This Land Was Made for You and Me (But Mostly Me)
Billionaires in the Wild
Publication Date: November 5, 2013
List Price: $25.95*
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The packaged-suttee mogul Sir Sith Ram Pramba, who sliced the top off Mount Everest and installed it on his terrace atop a Park Avenue apartment building...
The heir to a California railroad spike fortune who uses a private cross-country tunnel, assembled from giant redwoods laid end to end, for 120-mph runs in cars from his exotic equipe between San Francisco and New York...
The vast Montana lodge where Gulfstreams land in the living room and an ex-CIA drone ferries fresh casks of Cotes du Rhone along the three-mile route between the wine cellar and the dining hall...
The unsinkable forty-room polystyrene iceberg cum floating vacation retreat where Claude Ste. Nervous, the Quebec Styrofoam king, cruises the Arctic Ocean in high summer and, riding on his tamed polar bear, hunts for baby seals...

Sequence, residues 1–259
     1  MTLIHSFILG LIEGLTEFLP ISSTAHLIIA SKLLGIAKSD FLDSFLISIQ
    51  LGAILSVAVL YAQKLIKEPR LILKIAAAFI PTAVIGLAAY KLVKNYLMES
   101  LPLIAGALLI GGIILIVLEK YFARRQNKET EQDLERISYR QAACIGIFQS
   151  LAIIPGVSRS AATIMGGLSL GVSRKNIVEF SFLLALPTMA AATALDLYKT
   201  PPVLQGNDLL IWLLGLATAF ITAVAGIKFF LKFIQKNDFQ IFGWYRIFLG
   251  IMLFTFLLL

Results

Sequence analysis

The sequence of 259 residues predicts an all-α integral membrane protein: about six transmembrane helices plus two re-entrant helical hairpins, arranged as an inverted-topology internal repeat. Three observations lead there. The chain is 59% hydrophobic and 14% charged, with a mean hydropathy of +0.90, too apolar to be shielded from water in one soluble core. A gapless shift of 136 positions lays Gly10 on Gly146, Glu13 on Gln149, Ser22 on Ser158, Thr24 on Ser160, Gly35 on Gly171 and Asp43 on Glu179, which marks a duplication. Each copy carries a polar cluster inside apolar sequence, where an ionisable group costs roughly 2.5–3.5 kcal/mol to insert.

These and dozens more of that new breed of swashbuckling post-millennial Midases dedicated to self-indulgent fun--whatever the cost in money, ecological mayhem, environmental devastation, and other such nuisances--are celebrated in "This Land Was Made for You and Me (but Mostly Me), "this lavishly illustrated chronicle that nobody expected or even wanted, but that Bruce McCall and David Letterman went ahead and created anyway.
Letterman is a Team Rahal Co-Owner and America's most beloved TV Personality.
“Author and illustrator McCall teams up with late-night host Letterman for this brilliant parody of the lifestyle of the One Percent, the richest of the American rich....The text is witty, and McCall’s illustrations are beautifully executed...much to laugh at here.”— Booklist
“No wonder Dave [Letterman] teamed up with [Bruce] McCall for their new book, This Land Was Made for You and Me (But Mostly Me)...Their book treats readers to the McCallian charm that Letterman has adored since the 1970s, when he stumbled onto McCall's work...[McCall] depicts a wonderland of gracious living writ extravagantly large. His is a Gatsby-like world of urbane but unconscionable excess that feels fancifully authentic, that indeed might have existed in bygone times, or might today, or might tomorrow—that is, if expense, taste and even minimal respect for Mother Nature were no object.”
—Frazier Moore, The Associated Press